Ledbury Estate works cost nearly £7m
SAFETY WORK on the towers in Southwark have cost nearly £7m, after major safety issues were identified earlier this year.
The buildings’ gas supplies were cut in August and certain residents evacuated as a consequence, with structural defects cited. The council had said it was ‘confident’ on the tower blocks’ safety, with inspections discovering ‘urgent fire safety risks in dozens of flats that had been present, in some cases, for up to 30 years’, and type four ‘thorough and intrusive’ fire risk assessments were carried out by council fire safety officers.
At the same time, the council hired Arup to ‘assess the risks posed by large cracks in residents’ walls’, repairing these and testing the buildings’ structural integrity and ‘ability to withstand gas explosions’. The findings of the tests were said at the time to be set to ‘determine what strengthening works or refurbishments may need doing’.
The survey and fire risk assessment aimed to ‘determine the permanent fix to deal with the fire safety compartmentation issues’, with the main concern that ‘tests find that the tower blocks should be demolished and rebuilt’. While a few households moved to new accommodation, some were given immersion heaters and hotplates, but the replacement works, since completed, had been postponed to ‘mid-late October’.
Fire safety experts and structural surveyors Arnold Tarling and Sam Webb told Southwark Council installing the new heating system would ‘risk weakening the concrete blocks even further, and increase the chance of collapse’, having been first to highlight the dangers this year. Both ‘cast doubt’ on whether the blocks could withstand drilling needed to put hot water pipes through each flats’ floor and ceiling. A later report from them recommended the buildings should be demolished.
Recently, Arup detailed a ‘catalogue of structural weaknesses’ in the 14 storey blocks, with Inside Housing revealing the amount spent after a Freedom of Information Act request by a tenants’ organisation. So far, £6.8m has been spent since July, including £1.3m on fire marshals, £420,000 on installing temporary immersion heaters and £3.6m on installing a new district heating system.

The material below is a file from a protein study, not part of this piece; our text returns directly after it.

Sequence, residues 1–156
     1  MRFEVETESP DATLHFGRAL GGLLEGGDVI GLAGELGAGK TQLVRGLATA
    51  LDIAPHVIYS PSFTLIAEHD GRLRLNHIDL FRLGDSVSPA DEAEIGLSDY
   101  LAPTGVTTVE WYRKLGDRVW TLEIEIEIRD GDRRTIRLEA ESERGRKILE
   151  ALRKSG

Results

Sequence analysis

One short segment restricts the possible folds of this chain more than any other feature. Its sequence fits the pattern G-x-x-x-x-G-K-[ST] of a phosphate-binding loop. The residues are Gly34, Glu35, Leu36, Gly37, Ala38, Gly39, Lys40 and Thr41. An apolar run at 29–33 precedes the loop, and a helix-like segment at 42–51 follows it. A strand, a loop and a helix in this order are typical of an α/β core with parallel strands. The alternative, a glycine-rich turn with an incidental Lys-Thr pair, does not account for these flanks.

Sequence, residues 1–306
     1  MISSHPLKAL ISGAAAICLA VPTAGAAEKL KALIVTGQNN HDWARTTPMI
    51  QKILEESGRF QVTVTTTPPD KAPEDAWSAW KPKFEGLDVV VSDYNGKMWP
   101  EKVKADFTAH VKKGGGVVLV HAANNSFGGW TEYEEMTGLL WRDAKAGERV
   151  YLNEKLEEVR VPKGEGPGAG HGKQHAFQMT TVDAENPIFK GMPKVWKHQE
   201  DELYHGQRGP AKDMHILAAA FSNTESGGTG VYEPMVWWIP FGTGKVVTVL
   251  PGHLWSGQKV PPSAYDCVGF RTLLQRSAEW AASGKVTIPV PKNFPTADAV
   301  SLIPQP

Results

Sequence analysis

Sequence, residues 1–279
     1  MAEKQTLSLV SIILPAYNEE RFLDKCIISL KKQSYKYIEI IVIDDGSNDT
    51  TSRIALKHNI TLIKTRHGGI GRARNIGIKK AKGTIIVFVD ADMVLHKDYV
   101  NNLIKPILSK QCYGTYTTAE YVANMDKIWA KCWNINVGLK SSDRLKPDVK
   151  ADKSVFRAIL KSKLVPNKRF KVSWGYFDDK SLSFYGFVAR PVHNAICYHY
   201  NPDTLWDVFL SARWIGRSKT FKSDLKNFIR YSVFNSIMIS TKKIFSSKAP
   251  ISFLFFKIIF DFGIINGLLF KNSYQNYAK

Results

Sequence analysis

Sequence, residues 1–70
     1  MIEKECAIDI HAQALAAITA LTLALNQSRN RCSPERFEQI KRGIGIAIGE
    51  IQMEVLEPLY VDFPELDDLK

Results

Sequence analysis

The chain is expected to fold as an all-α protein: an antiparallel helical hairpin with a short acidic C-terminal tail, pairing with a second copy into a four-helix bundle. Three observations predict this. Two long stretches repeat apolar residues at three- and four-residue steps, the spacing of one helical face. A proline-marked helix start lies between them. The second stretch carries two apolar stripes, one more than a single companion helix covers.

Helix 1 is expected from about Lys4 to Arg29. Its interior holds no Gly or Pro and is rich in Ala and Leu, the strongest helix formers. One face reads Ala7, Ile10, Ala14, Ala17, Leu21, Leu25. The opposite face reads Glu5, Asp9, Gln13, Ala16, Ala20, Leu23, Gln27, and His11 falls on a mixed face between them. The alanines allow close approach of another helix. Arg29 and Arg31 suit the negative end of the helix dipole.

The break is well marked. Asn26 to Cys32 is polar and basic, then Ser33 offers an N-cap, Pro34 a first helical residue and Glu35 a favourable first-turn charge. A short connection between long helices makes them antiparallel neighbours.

Other costs included £293,000 on sealing cracks in the blocks; £276,000 on new fire alarm systems; £256,000 on compensation to tenants; £236,000 on staffing the tenants and residents’ hall on the estate; £134,000 on commissioning Arup to carry out a structural report; and over £200,000 on legal fees and a fresh fire risk assessment.
Stephanie Cryan, cabinet member for housing at Southwark Council, said: ‘We are dealing with an unprecedented situation and as such we had no expectations or budget in mind. What has been our first and foremost priority is the safety and comfort of those residents directly affected by the situation on the Ledbury Estate.
‘Making sure our homes, especially our high-rise blocks, are safe has to be our main concern and we will continue to both look at the best ways to achieve this and ask the government to consider financial support for councils who are facing similar circumstances.’
Cris Claridge, chair of the Southwark Group of Tenants Organisations, which filed the request, stated: ‘Of course residents’ safety has to be put before cost concerns. But every penny that is spent on fire safety is a penny redirected from other vital housing services, like repairs, maintenance and the building of new council homes. Unless central government can properly fund safety measures, it is ultimately tenants who will have to foot the bill.’
A spokesperson from the Ledbury Action Group, a campaign group set up by residents, called the costs ‘eye watering’, adding: ‘This money came from the council’s Housing Revenue Account, which has a knock on effect on the rest of the borough. If [the council] had maintained the buildings over the years then it wouldn’t have had to spend these huge sums now.’